As of the 2010 U.S. Census, 56.6 million Americans had a disability – roughly one in five individuals. Over 16% of the U.S. population between 21 and 64 and 49.8% of the population 65 and older is disabled. Americans with disabilities fall into several categories. 19.8 million Americans aged 15 years and older have a physical disability involving a limitation to mobility. 14.9 million Americans aged 15 or older have a sensory disability involving sight or hearing. The number of blind Americans is expected to grow from the current 3.3 million, to 5.5 million in 2020, according to studies conducted by the National Eye Institute. In tandem, the percentage of people with relevant disabilities using home computers, the Internet and related technologies will grow significantly during this time.
According to the 2001 Census and Participation and Activity Limitation Survey, 3.6 million Canadians experienced some form of disability that limited their activities. This represents a disability rate of 12%, generally on par with the disability rates of other first world nations. The disability rate increases with age – while 3% of the population aged 0 to 14 have a disability – 53% of the population aged 75 or over have a disability. The majority of this population, 2.4 million individuals, has some form of mobility disability. 950,000 individuals in the population have sensory disabilities including hearing or visual impairments.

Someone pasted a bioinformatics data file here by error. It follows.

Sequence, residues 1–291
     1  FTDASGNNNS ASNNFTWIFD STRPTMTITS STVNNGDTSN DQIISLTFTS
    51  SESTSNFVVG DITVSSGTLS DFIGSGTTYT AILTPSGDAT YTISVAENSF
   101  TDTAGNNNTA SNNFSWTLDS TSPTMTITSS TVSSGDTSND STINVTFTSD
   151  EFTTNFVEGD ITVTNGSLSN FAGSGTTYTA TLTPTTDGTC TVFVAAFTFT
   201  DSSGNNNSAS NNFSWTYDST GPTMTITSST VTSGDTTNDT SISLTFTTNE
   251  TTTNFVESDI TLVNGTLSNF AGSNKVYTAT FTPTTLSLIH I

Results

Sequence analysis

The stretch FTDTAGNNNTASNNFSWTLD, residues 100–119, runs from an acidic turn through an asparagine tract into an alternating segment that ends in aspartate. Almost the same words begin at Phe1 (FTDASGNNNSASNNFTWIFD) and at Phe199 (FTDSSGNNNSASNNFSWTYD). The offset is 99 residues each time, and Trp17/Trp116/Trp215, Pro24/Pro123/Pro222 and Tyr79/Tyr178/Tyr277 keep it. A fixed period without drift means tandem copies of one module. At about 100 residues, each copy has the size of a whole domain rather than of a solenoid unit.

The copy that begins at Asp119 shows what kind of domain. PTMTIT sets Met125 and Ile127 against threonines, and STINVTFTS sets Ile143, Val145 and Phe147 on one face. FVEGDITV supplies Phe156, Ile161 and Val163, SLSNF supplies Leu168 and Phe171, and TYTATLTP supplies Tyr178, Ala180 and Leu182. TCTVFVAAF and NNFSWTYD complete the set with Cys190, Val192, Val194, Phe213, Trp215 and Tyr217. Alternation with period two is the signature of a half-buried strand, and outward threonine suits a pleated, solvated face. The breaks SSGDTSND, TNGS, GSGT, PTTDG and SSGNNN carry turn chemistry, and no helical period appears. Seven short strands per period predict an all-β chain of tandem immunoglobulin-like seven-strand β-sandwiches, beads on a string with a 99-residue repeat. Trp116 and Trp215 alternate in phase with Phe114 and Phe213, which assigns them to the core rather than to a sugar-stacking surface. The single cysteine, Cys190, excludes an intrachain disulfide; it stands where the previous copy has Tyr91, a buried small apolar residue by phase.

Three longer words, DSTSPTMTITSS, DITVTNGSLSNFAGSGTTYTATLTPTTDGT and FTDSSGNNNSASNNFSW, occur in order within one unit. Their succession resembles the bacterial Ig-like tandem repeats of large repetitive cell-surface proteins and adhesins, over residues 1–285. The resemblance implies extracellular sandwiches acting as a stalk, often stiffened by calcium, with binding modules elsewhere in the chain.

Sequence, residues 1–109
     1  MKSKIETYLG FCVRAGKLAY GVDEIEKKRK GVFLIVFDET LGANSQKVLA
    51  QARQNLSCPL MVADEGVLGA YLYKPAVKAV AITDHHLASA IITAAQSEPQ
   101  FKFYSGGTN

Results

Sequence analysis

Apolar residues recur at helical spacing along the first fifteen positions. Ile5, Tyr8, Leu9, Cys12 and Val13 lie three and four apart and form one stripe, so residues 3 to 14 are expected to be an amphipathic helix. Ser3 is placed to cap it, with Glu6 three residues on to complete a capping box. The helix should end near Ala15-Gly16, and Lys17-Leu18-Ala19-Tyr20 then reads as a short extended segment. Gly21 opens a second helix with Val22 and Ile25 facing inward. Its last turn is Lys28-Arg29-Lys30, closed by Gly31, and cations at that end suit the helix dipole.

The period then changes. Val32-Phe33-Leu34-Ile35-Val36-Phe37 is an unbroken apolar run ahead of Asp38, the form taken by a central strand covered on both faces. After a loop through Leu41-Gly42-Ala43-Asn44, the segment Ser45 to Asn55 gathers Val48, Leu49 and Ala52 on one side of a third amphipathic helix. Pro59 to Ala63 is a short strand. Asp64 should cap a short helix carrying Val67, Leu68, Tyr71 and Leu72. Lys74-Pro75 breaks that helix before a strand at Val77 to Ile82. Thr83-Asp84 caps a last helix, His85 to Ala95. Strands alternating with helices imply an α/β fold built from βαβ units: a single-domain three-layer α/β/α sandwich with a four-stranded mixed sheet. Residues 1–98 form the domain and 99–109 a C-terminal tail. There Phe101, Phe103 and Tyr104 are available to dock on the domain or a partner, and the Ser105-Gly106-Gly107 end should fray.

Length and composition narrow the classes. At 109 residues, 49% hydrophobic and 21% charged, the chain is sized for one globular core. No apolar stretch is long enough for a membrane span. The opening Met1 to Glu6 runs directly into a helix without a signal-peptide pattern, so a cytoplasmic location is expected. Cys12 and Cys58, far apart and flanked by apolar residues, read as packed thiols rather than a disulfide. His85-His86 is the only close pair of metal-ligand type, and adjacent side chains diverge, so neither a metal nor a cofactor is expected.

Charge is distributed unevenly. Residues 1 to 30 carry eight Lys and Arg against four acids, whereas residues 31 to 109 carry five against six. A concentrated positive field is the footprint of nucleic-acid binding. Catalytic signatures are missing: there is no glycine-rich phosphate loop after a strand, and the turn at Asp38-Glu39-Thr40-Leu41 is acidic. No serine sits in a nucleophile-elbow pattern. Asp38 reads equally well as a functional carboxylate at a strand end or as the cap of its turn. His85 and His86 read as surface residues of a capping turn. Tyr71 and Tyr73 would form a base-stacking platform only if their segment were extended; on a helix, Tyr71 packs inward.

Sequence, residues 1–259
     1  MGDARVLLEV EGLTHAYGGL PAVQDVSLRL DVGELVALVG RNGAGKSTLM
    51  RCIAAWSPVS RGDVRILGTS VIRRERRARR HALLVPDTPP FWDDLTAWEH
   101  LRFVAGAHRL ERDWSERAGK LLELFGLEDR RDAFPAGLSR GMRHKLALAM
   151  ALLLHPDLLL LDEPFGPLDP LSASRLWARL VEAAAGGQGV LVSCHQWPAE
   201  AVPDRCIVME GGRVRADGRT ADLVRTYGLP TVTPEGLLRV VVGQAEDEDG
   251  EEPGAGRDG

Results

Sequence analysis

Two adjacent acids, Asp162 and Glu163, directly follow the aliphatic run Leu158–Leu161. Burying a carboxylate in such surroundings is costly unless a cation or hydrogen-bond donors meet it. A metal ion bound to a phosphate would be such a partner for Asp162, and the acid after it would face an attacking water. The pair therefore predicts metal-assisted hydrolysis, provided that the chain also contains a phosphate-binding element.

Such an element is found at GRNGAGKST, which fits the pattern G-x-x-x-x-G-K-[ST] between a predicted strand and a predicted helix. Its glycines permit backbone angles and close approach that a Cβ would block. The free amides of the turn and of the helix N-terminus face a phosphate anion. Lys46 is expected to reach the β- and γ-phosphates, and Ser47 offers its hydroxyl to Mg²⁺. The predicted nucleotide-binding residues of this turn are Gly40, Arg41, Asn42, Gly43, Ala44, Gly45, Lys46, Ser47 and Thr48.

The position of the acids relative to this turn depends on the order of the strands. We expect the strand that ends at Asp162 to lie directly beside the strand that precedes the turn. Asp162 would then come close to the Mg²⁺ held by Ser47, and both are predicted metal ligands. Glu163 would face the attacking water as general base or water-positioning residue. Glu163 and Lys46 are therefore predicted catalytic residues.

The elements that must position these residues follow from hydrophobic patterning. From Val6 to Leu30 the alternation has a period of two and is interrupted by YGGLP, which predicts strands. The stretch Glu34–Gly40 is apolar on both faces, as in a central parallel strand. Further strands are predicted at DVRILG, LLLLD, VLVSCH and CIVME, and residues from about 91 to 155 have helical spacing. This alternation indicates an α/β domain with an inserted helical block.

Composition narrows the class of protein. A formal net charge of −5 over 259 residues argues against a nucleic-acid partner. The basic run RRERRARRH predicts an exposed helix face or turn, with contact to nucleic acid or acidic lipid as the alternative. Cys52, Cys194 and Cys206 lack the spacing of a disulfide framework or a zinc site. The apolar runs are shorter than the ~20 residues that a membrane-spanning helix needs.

In the 2009 Australian Bureau of Statistics Survey of Disability, Aging and Careers, one in five people in Australia (3.95 million) had a reported disability. This rate was much the same for males (19.8%) and females (20.1%). Of those with a reported disability, 3.39 million were limited in the core activities of self-care, mobility or communication, or restricted in schooling or employment. Most people with a disability were limited in one or more of these core activities.
Demographic trends throughout first world countries indicate that the citizens with disabilities, as part of the overall population, will grow over the next fifty years. This is generally interpreted as a sign that current disability legislation will be expanded or more aggressively enforced in the future.